Development News

Hook 42: Hook 42 Earns Five Stars in First Review on Clutch

Main Drupal Feed - Fri, 10/25/2019 - 17:00
Hook 42 Earns Five Stars in First Review on Clutch Lindsey Gemmill Fri, 10/25/2019 - 17:00

1xINTERNET blog: 1xINTERNET with three nominations for the Splash Awards

Main Drupal Feed - Fri, 10/25/2019 - 12:41
1xINTERNET with three nominations for the Splash Awards hadda Fri, 10/25/2019 - 14:41

The third international Splash Awards are taking place next Monday night in Amsterdam. This night we will celebrate the best Drupal projects from 2019 with our colleagues from all over Europe. We are very happy at 1xINTERNET to be nominated for three of our projects and grateful at the same time for our amazing clients. 

Srijan Technologies: Create Once Publish Everywhere with Drupal

Main Drupal Feed - Fri, 10/25/2019 - 09:00

Long gone are the days, when cellphones were used just for calling purposes and desktops were switched on to browse the web. Today, information and entertainment can be accessed from anywhere and from any device.

Mark Shropshire: Understanding Progressive Web Apps and Why You Should Care

Main Drupal Feed - Fri, 10/25/2019 - 03:40

I had the pleasure of presenting on PWAs (Progresivei Web Applications) at DrupalCamp Atlanta 2019. I focused on the overall benefits of PWAs and how to set them up with GatsbyJS and Create React App. It turned out that Drupal PWAs were completely covered in the presentation Meet the Progressive Web App module by Christoph Weber and Alex Borsody. It was great to see so much attention given to the importance of PWAs!

I hope you checkout these PWA talks and related implementation techniques. There are big wins around making sure all of our websites and web applications utilize PWA related technology.

Below you will find my DrupalCamp Atlanta presentation deck and video:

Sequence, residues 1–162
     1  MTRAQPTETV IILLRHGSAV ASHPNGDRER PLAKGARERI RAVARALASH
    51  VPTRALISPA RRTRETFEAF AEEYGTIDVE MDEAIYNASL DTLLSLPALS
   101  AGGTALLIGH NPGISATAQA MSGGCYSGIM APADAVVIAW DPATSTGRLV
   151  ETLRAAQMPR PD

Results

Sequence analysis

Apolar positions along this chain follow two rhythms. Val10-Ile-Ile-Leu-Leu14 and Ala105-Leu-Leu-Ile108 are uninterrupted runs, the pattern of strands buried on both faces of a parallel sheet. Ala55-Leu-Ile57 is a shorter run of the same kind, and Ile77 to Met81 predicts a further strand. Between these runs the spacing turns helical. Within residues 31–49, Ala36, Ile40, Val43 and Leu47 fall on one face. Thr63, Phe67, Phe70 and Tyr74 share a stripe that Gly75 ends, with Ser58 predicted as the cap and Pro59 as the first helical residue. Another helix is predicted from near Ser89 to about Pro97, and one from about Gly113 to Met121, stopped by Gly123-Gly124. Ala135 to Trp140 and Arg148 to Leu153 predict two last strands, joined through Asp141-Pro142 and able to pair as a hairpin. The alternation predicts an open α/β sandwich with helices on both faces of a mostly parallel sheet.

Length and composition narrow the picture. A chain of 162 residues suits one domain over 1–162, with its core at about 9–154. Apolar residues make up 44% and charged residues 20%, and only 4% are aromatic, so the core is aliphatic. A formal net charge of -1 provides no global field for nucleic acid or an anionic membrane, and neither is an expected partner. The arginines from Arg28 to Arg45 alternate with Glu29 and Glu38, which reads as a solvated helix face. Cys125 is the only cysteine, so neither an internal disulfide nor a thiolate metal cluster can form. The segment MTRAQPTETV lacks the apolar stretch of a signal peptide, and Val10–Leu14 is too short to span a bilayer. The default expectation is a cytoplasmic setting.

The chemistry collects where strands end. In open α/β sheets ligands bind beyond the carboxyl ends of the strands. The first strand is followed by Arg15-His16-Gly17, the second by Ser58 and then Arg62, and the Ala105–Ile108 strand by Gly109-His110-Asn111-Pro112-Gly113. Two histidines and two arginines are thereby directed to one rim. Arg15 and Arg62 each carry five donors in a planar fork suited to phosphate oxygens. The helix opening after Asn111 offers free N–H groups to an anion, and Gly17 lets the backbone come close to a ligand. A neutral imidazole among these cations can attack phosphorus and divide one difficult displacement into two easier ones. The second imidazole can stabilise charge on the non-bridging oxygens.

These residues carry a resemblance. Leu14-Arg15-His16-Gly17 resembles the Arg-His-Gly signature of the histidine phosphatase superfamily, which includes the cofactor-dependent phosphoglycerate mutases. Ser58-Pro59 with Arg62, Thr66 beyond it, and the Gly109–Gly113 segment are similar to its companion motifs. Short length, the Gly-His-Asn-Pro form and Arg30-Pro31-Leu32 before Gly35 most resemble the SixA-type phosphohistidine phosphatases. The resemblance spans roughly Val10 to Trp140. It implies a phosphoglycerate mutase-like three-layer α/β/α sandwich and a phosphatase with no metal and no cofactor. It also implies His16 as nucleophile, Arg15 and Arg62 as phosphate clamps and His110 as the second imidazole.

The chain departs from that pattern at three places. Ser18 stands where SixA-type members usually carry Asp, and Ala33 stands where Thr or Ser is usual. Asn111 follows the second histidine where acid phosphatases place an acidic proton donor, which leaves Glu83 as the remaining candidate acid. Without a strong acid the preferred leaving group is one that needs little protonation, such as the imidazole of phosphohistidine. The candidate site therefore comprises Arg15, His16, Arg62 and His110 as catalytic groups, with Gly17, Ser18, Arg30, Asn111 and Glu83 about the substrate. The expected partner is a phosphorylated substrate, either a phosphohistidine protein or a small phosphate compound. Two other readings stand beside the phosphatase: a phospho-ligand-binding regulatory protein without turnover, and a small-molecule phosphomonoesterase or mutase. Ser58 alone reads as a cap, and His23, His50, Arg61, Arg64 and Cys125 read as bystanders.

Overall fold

Blog Category: 

Consensus Enterprises: DrupalCamp Ottawa 2019: Automate All the Things

Main Drupal Feed - Fri, 10/25/2019 - 02:55
On Friday, October 18th, I presented at DrupalCamp Ottawa 2019. That’s the annual gathering of the Drupal community in Ottawa, Ontario, Canada. Session information: Ever heard of infrastructure-as-code? The idea is basically to use tools like Ansible or Terraform to manage the composition and operation of your cloud systems. This allows infrastructure to be treated just like any other software system. The code can be committed into Git which allows auditability, and reproducibility.

WPTavern: Mark Davies Joins Automattic as Chief Financial Officer

Wordpress Planet - Wed, 10/16/2019 - 15:49

Automattic, the company behind WordPress.com, WooCommerce, and various other products, announced earlier today that Mark Davies has joined the team as its Chief Financial Officer (CFO). This news comes fresh off the heels of Automattic’s acquisition of Tumblr in August and a $300 million Series D investment from Salesforce Ventures in September. The investment round gave the company a $3 billion valuation after the funding.

Davies graduated from Western Washington University with a bachelor’s degree in accounting and earned his MBA in finance at Arizona State University. He has since worked for large companies in key roles. Prior to taking the position with Automattic, Davies served as the CFO at Vivint, a North American smart home technology company.

Vivint was founded in 1999 and claims over $1 billion in annual revenue. In 2012, The Blackstone Group purchased the company for over $2 billion. Davies came on board in 2013 and would have played a large role in growing the company’s annual revenue.

Vivint announced on October 15 that Davies was leaving the company. “Mark has created a talented and experienced finance team with a solid track record of growth and financial discipline,” said Todd Pedersen, co-founder and CEO of Vivint Smart Home. “We thank him for his six years with the company and wish him the best in his next role.”